Yesterday DJ Strouse, a student in MIT’s quantum computing summer school, pointed me to A Mathematician’s Lament by Paul Lockhart, the most blistering indictment of K-12 “math” education I’ve ever encountered.
Lockhart says pretty much everything I’ve wanted to say about this subject since the age of twelve, and does so with the thunderous rage of an Old Testament prophet. If you like math, and more so if you think you don’t like math, I implore you to read his essay with every atom of my being.
Which is not to say I don’t have a few quibbles:
1. I think Lockhart gives too much credit to the school system when he portrays the bureaucratization, hollowing-out, and general doofusication of knowledge as unique to math. In my experience, science, literature, and other fields are often butchered with quite as much gusto. Not until grad school, for example, had I sufficiently recovered from eleventh-grade English to give Shakespeare another try (or from Phys Ed do push-ups).
2. Lockhart doesn’t discuss the many ways motivated students can and do end up learning what math is, despite the best efforts of the school system to prevent it. These side-channels include the web, the books of Martin Gardner, recreational programming, and math competitions and camps. Obviously it’s no defense of an execrable system to point out how some people learn in spite of it—but these omissions make the overall picture too depressing even for me (which is really saying something).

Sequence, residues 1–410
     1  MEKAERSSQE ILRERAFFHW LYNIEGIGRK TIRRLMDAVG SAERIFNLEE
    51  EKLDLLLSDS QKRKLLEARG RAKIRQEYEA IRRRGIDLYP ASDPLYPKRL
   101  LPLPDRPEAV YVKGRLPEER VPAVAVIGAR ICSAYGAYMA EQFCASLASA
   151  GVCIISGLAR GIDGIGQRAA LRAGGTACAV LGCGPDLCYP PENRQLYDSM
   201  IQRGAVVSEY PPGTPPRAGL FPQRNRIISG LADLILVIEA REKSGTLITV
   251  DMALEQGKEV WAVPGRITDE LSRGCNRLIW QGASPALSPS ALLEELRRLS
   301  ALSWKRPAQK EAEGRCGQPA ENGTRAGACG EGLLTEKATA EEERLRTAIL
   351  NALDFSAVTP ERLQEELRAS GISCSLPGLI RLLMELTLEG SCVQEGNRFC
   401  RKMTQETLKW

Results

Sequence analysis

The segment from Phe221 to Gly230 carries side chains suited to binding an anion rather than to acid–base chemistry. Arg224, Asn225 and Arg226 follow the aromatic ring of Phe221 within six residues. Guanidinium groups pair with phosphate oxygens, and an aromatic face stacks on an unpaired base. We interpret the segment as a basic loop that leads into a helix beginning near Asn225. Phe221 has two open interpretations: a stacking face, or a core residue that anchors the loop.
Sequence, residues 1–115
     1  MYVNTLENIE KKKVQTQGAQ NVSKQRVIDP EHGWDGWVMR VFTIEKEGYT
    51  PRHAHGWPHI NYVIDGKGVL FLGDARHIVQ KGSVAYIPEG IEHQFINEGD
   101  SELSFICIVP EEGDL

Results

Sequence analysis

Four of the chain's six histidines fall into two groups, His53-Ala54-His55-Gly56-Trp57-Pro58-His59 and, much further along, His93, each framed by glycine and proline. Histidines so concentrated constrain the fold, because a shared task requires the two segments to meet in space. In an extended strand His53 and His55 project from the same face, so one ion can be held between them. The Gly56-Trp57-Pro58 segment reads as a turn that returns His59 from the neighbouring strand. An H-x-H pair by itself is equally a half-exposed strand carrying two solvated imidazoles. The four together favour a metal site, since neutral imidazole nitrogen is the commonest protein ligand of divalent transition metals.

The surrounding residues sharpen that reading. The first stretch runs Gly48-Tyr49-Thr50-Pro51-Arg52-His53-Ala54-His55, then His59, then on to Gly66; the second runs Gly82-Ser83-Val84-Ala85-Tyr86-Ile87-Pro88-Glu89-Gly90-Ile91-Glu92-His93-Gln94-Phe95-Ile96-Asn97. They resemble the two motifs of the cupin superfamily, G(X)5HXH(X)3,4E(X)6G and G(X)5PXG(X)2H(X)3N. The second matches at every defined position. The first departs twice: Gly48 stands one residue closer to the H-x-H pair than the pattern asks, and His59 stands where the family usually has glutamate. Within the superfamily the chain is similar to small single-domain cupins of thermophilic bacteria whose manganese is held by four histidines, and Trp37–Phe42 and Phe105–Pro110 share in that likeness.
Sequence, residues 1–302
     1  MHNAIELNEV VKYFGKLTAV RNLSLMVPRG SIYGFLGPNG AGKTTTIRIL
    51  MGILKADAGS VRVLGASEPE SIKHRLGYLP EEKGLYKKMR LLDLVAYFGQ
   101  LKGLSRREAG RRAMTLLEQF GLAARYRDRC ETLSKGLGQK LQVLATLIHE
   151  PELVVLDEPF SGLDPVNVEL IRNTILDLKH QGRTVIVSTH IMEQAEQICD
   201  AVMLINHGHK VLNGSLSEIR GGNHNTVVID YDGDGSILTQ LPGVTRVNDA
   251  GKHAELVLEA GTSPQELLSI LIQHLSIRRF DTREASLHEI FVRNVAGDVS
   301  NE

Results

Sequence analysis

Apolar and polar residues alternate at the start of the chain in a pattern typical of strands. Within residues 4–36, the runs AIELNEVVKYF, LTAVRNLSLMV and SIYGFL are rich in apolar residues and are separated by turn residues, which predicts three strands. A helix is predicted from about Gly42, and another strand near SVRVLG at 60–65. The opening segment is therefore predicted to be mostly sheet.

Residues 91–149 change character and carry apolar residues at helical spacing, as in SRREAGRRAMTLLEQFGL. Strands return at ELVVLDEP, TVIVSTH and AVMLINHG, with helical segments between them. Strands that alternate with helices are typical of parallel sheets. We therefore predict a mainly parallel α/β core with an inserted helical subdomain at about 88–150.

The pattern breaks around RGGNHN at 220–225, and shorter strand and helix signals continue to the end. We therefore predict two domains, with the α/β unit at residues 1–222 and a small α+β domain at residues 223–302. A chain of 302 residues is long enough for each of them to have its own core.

3. In describing math purely as a soul-uplifting pursuit of beautiful patterns, Lockhart leaves open the question of why, in that case, it’s been in bed with science and technology throughout its history—not merely for the education bureaucrats but for Archimedes, Newton, and Gauss. (Of course, like most relationships, this one is not without its sniping feuds.) Personally I have no problem with teachers who want to recognize and celebrate that aspect of math, provided the students respond to it. “So you say you want theorems that are not only beautiful, but also inspired by physics or economics or cryptography? Line up then, because here comes a heaping helping of them…”
4. Lockhart doesn’t address an interesting problem that’s arisen in my own teaching over the last few years. Namely, what happens when you try to teach as he advocates—with history and philosophy and challenging puzzles and arguments about the definitions and improvisation and digressions—but the students want more structure and drill and routine? Should you deny it to them? (For myself, I concluded that brains come in different types, and that it would be presumptuous to assume a teaching style that wouldn’t work for me can’t possibly work for anyone else. Still, before beginning a traditional rote drill session, it’s probably a good idea for all parties involved to agree on a safe-word.)
In the end, Lockhart’s lament is subversive, angry, and radical … but if you know anything about math and anything about K-12 “education” (at least in the United States), I defy you to read it and find a single sentence that isn’t permeated, suffused, soaked, and encrusted with truth.